QCOSTARICA – The International Monetary Fund (IMF) approved a $1.7 billion arrangement to support Costa Rica’s recovery and stabilization from the economic damage caused by the COVID-19 pandemic.
IMF Country Focus spoke with Costa Rica’s President, Carlos Alvarado, about building consensus on fiscal efforts, boosting innovation, and becoming a net-zero emissions economy by 2050.
Costa Rica has been hit hard by the pandemic. What measures were introduced to protect lives and livelihoods?
Alvarado: The prompt and precise action of our first response institutions has been critical. Our social security system quickly expanded hospital capacity, allowing universal access to COVID-19 tests and treatment. We also allocated resources to support the most vulnerable, including by launching the “Bono Proteger” program that provided temporary subsidies to about 700,000 people economically affected by the crisis.
As a second step, we developed and implemented a strategy called “Costa Rica trabaja y se cuida” (Costa Rica works and takes care of itself). Rather than strict lockdowns, we imposed restrictions on vehicle mobility and limited business hours and capacity. Data and evidence have shown that these measures, accompanied by a strict face mask policy and sanitary protocols, have been very effective in reducing contagion with a lower impact on economic activity.
This combination of measures has allowed us to achieve one of the lowest lethality rates with one of the lowest economic contractions in the region.
Looking ahead, what are the key objectives of Costa Rica’s economic reform program?
Alvarado: The main goal is to boost growth and improve income distribution. First, though, we must address the fiscal imbalances.
We experienced a debt crisis in the early 1980s and know what it means: high inflation, a recession, and a brutal increase in poverty and inequality. Without strong public finances and macroeconomic stability, a government cannot boost growth and protect its most vulnerable citizens.
To put public debt on a decreasing trajectory and lay the foundations for economic recovery, we are targeting a primary surplus of 1 percent of GDP by 2023 and 1.7 percent by 2024.
How do you plan to boost productivity, while tackling informality and inequality?
Alvarado: Boosting productivity requires setting the right conditions for domestic companies to thrive, improving the regulatory framework, and reinforcing our commitment to trade and foreign direct investment, to help companies integrate in global value chains.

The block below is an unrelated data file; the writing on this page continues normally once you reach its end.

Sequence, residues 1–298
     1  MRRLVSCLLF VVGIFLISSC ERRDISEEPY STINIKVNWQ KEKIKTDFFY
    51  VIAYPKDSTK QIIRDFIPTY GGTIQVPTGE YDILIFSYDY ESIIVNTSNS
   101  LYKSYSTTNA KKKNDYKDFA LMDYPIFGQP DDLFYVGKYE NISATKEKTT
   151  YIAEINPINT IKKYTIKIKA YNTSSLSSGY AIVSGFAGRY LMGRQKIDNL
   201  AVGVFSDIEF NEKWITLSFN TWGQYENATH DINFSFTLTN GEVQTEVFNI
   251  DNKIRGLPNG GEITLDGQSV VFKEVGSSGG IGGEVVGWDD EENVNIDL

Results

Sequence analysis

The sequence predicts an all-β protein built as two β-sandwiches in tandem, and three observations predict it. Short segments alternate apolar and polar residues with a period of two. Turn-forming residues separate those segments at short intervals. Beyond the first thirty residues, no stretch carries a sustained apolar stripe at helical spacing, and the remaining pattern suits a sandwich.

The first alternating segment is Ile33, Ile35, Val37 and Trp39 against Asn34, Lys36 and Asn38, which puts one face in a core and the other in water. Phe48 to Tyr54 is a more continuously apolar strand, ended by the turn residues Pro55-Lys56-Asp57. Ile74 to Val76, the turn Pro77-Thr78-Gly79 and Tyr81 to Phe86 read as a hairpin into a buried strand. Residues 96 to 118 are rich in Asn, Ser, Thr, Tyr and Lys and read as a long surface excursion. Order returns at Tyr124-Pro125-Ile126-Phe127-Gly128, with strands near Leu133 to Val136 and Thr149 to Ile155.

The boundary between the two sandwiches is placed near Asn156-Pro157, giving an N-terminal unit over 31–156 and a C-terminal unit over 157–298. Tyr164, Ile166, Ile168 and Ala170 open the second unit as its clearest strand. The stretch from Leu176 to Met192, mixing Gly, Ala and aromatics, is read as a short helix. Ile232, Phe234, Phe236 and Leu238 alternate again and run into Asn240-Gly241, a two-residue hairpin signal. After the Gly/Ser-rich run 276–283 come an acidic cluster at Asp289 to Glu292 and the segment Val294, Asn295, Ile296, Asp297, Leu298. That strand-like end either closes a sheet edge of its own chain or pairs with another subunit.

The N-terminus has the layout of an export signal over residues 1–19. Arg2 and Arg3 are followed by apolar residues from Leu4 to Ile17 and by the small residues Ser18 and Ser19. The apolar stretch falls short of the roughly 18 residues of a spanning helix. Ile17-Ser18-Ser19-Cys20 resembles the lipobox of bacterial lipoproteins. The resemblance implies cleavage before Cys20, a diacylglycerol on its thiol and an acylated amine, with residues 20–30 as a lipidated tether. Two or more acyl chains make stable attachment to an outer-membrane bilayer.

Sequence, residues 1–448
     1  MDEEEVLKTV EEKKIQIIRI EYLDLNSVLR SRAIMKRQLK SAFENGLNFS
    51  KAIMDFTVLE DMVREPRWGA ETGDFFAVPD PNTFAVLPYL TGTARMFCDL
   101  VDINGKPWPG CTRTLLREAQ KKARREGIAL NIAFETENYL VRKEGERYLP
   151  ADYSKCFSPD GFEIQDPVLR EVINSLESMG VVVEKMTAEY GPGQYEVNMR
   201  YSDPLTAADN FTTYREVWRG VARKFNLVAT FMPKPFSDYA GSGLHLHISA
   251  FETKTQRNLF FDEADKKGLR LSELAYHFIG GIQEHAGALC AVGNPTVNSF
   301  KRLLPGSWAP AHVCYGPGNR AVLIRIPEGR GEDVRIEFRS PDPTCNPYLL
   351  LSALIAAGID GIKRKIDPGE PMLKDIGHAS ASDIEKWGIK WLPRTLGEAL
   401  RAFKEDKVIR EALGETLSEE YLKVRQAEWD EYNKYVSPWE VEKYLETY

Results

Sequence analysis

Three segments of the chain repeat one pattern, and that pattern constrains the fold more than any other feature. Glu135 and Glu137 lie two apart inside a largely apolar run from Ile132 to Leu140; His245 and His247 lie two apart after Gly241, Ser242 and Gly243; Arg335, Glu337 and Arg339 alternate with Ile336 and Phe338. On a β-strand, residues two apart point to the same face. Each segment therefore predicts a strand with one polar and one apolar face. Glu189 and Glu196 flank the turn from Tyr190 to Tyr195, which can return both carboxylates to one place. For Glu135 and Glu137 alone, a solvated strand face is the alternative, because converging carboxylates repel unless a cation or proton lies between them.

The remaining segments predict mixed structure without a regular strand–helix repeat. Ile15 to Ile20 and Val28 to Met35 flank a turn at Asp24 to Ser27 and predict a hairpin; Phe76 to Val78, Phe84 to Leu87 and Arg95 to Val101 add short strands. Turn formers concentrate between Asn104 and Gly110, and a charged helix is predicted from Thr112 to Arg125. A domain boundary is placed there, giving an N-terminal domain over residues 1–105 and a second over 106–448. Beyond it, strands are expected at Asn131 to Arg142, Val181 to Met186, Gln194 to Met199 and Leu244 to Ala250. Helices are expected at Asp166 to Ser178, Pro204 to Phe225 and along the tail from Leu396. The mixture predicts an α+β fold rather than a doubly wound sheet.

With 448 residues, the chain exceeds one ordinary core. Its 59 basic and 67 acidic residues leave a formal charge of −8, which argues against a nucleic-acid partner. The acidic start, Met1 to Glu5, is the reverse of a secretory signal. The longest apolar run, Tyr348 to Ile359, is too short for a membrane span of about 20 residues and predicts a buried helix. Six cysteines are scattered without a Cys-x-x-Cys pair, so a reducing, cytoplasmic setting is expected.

These efforts were aligned with the comprehensive agenda for accession to the Organisation for Economic Cooperation and Development, which culminated last May with the invitation to join the organization.
Costa Rica was named “UN Champion of the Earth” in 2019. Tell us more about your plans to achieve a net-zero emissions economy.
Alvarado: Expanding decarbonization into all areas of public policy has been a first and critical step to achieve zero net emissions by 2050. For example, at the beginning of the pandemic, we did not lower fossil fuel taxes and prices. This provided resources for emergency response and decarbonization. We are greening and electrifying the transportation sector, the largest contributor to greenhouse gas emissions.
We have encouraged the adoption of low-carbon technologies in the agricultural and forestry sectors. Rural producers can implement sustainable and climate-resilient production techniques, proving that it is possible to pursue social protection schemes with a green employment vision. Costa Rica has received international grants for reducing forests’ greenhouse gas emissions, and international validation of our efforts.
We cannot fight climate change alone. Strong global cooperation and solidarity are needed. Since protecting nature is our life insurance against climate change, we are leading with France and the United Kingdom the High Ambition Coalition for Nature and People, aiming to protect 30 percent of our world’s land and marine ecosystems by 2030.
You brought together different stakeholders for a national dialogue on the government’s economic reform agenda. What lessons have you learned?
Alvarado: The national dialogue was a unique opportunity to hear the concerns and proposals of different stakeholders. Sitting around the table allowed us to find common ground, dispel misconceptions and foster trust. It helped the whole country to understand that the fiscal problem is real and requires quick action to avoid hurting our country now and in the future.
In a democracy, dialogue is a powerful tool to build agreements and move things forward while strengthening social cohesion. The national dialogue allowed us to develop a program with stronger ownership. Looking ahead, our newly established Economic and Social Council will ensure ongoing consultations with different stakeholders of the Costa Rican society and build consensus on public policies and reforms.
What role do you see for the IMF in supporting the country’s policy and reform efforts?
Alvarado: The IMF plays a key role in three areas: technical support to the program’s design, implementation and follow up; the credibility it brings to the process and to the macroeconomic policy program at the national and international level; and access to cheaper financing by mobilizing resources from other official creditors and supporting market confidence.
The COVID-19 shock was of such magnitude, not just on lives and livelihoods but also on the public finances, that fiscal consolidation is unfortunately inevitable. Having the IMF’s support helps us to smoothen this process and strengthen our public finances in a way that ultimately benefits all Costa Ricans.
The medium-term nature of the three-year program, will also help ensure policy continuity throughout and beyond the 2022 elections, thereby boosting consumer and investor confidence and supporting economic growth and job creation.